The BPF report advocates that strong local leadership is a critical first step and that council master-planning, advocacy by a BID or other group and localism through a Neighbourhood Plan can play a positive role. Critical within this would seem an ability to understand and broker necessary trade-offs between community and individual commercial interests so that a resulting town centre Masterplan or development brief is attractive to investors and is deliverable.
The report concludes that the TCIM and TCIZ models are workable and that the principles can apply to small or even struggling town centres where collective asset management could unlock investment potential. The necessary powers and legal structures already exist. Take-up, the report suggests, will depend on the willingness of local councils to adopt a novel and largely untested approach and the ability to marshal different stakeholder groups to agree a common plan.
Steps towards establishing a Town Centre Investment Zone involve creating a trustworthy governance structure to manage funds and recruiting experienced asset managers able to agree and deliver targets. As well as being facilitators, there is the exciting prospects of local councils having a major commercial stake in their town by investing their own reserves and potentially pension funds through the new ‘UK Wealth Funds’.
Influencing the business mix
At a detailed level, councils have some powers to determine the mix of town and city centre businesses to ensure sustainability, promote public health and ensure that the whole community is suitably served.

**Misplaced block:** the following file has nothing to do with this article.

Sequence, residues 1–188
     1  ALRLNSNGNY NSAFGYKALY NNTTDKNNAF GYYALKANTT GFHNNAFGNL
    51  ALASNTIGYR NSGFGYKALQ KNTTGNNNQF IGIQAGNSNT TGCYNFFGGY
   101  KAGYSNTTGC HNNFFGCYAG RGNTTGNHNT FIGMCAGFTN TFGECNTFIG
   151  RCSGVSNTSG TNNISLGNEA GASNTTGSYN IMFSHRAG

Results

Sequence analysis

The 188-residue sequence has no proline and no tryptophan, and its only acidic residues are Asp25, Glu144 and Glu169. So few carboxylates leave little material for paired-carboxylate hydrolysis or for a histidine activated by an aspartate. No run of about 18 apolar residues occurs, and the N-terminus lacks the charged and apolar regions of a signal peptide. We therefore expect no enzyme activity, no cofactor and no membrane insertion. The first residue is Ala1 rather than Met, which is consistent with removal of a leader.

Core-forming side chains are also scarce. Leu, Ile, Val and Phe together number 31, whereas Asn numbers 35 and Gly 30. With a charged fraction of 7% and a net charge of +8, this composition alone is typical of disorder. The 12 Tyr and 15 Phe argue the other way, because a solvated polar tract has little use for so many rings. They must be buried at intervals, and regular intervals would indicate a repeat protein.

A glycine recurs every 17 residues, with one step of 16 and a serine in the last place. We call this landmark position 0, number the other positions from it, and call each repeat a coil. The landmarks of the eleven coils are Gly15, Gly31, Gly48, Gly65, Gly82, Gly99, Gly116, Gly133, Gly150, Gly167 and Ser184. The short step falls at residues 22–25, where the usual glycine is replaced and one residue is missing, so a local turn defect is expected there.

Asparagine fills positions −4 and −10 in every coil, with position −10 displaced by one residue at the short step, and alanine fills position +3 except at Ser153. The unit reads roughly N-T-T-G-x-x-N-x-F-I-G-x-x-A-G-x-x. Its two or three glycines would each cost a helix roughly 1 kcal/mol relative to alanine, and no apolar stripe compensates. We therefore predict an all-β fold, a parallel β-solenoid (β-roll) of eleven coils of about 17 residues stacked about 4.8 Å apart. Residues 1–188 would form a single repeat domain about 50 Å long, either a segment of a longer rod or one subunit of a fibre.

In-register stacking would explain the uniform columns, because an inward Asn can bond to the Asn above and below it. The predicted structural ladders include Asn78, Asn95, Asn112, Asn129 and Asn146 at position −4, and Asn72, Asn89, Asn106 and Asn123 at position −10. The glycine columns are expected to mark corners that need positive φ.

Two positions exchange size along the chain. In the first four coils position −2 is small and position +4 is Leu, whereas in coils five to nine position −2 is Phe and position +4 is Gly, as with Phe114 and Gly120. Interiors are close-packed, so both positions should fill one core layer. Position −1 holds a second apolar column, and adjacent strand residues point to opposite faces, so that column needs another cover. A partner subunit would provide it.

The ‘tipping the scale’ report features case studies where the planning system has sought to introduce restrictions on the proliferation of fast food takeaways. Key messages from a review of the case studies focusing on using planning powers to make an authoritative local case:
- Using planning powers as part of a community healthy weight strategy
- Providing a policy context for supplementary planning documents
- Supplementing national evidence with local evidence
- Ensuring planning decisions refer to health issues where relevant
The LGA’s councillor handbook on gambling regulation summarises councils' responsibilities and highlights recent changes introduced by the Gambling Commission, including the requirement for gambling operators to carry out local risk assessments.
Planning for recovery and transformation
As well as offering flexibility in the short-term through policies supporting some change of business use such as from restaurants to take-away provision, planners are going to have to assess long-term impacts of changing business practices in town centres. Surveys of business types and occupancy and retail/leisure demand will need updating as long-term impacts become more evident in the recovery stage.
Southampton City Council's city centre masterplan is helping to achieve integrated, large-scale development including significant amounts of good-quality housing and transforming a brown-field site in to an iconic, new leisure-led development.
Gateshead Council has used a Supplementary Planning Document on hot food takeaways to avoid clustering of such A5 uses detrimental to the vitality and viability of a local centre.